Likewise, the entanglement between Pakistani intelligence services and some elements of violent resistance in Afghanistan has been a constant theme of mainstream reportage on the Afghan War since the very beginning -- not to mention a relentless drumbeat of official "concern" in Washington. It is a rare week indeed when some Washington bigwig is not hinting darkly -- or declaring outright -- that Pakistan needs to "get with the program" in one way or another.
The increasing use of drones is also no secret; indeed, it is frequently featured in giddy press reports about these neat gizmos our boys are using to bravely blast villages on the other side of the world from comfortably padded chairs in Nevada control rooms.
And America's assassination squads have also been loudly proclaimed and hailed; scarcely a week goes by without a story about yet another "top-level" Taliban or al Qaeda dastard meeting his doom. And of course, the Peace Laureate's administration recently "leaked" the news that America is running hit squads, secret armies and other covert operators in more than 75 countries around the world -- with the Peace Laureate also proclaiming his right to assassinate American citizens when he feels like it.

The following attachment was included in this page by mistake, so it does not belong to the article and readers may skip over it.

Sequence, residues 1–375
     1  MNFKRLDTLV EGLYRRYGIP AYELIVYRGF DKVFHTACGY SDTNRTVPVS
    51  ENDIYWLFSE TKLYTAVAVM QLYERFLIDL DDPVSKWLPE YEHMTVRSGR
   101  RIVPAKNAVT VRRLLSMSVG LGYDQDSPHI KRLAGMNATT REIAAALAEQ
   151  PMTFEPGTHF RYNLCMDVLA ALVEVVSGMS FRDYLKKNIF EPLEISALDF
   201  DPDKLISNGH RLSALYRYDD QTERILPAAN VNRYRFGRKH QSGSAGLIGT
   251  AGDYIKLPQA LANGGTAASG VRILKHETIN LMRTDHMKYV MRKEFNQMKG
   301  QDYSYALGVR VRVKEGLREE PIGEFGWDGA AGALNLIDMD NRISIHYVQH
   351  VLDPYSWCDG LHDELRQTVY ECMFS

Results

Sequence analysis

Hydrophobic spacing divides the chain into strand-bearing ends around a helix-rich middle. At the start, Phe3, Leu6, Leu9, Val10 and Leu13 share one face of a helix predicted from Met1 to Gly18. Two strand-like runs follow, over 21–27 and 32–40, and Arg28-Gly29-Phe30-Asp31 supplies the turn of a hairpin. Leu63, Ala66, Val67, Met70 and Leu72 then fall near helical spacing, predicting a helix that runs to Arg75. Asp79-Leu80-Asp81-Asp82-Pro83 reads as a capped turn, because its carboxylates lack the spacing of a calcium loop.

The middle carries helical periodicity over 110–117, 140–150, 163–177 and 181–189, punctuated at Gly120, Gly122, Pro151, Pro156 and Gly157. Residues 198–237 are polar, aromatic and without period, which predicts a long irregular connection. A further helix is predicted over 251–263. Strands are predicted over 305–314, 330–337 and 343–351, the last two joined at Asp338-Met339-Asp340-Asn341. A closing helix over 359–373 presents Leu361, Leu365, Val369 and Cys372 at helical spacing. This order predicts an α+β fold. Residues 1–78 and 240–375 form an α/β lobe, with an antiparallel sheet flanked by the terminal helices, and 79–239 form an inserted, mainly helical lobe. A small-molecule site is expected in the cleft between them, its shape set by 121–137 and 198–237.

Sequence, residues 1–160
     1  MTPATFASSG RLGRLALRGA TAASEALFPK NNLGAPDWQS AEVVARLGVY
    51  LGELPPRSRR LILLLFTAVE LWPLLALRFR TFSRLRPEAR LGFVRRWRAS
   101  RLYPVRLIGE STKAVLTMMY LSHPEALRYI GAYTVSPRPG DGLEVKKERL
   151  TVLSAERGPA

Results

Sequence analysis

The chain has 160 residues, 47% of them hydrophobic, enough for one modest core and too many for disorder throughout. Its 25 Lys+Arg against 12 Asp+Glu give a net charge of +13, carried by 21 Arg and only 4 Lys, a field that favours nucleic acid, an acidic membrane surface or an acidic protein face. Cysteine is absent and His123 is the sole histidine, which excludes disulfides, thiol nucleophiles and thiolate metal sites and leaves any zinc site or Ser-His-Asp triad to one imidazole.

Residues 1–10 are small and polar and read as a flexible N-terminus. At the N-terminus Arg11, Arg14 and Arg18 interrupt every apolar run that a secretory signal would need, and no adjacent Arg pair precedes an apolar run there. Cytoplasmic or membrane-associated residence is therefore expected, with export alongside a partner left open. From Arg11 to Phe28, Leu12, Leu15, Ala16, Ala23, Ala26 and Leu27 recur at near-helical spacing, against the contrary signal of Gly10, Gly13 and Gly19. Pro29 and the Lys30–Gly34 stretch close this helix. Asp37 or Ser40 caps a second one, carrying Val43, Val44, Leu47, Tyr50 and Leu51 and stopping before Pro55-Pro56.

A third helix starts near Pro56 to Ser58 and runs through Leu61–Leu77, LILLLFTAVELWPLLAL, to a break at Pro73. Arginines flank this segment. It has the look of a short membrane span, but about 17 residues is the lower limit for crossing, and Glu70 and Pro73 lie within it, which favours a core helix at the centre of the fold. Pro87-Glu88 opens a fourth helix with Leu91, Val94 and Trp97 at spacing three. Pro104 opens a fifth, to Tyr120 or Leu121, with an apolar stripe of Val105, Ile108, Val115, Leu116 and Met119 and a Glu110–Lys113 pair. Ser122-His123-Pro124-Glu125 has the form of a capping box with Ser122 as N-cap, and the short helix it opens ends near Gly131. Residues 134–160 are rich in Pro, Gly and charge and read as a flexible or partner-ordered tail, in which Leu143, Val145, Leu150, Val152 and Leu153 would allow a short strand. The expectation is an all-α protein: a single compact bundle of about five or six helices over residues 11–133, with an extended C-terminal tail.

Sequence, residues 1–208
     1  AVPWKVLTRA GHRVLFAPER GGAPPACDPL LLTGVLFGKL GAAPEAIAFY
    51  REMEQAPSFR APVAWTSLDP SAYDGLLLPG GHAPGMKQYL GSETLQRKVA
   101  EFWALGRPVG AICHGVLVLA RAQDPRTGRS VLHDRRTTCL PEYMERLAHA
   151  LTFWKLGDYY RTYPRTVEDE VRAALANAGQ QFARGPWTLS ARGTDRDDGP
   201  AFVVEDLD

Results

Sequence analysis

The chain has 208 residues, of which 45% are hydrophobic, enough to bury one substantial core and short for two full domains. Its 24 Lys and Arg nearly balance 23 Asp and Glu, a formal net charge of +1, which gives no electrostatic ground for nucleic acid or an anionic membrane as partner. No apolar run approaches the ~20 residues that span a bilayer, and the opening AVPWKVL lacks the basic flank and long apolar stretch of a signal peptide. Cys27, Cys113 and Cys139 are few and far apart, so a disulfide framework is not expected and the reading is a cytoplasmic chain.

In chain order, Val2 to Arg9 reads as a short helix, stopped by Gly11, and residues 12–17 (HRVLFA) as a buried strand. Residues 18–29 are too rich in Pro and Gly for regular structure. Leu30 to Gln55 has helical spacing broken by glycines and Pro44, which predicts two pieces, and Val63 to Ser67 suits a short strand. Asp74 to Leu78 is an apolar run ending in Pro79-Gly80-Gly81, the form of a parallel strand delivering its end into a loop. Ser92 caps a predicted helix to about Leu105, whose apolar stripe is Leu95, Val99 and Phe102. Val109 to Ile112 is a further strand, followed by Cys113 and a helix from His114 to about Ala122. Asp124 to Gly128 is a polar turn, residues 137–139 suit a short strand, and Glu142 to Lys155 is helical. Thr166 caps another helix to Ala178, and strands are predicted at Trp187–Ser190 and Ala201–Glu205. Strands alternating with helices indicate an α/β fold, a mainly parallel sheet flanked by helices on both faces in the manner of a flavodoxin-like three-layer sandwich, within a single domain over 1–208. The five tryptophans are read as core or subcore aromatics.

As for the corruption and incompetence of the Afghan "government" installed by the foreign occupiers, and the untrustworthiness of the Afghan police and military being trained by the foreign occupiers to do their dirty work for them -- again, this too has been a running theme not only of media coverage but a plethora of official pronouncements. Has a month gone by in recent years when some top-level Washington figure has not scolded the powerless Afghan government for its manifold failings? Has a month gone by without long, detailed stories -- usually in the New York Times itself -- outlining the venality and brutality of the warlords, gangsters, religious extremists and corruptocrats that the United States has empowered in the occupied land?
Where then are the "revelations"? Anyone who has regularly read, well, the New York Times, the Guardian and Der Spiegel could not remotely be surprised by any of the facts (as opposed to the oceans of spin and supposition) buried in this mountain of leakage. These are not the Pentagon Papers or the Downing Street Memos; they do almost nothing to alter the public image of the war, and tell almost nothing that we don't already know.
In fact, the overall effect of the multi-part coverage of the documents is to paint a portrait of plucky, put-upon Americans trying their darnedest to get the job done despite the dastardly dealings and gooberish bumblings of the ungrateful little brown wretches we are trying to save from themselves. The NYT is quite explicit in this spin: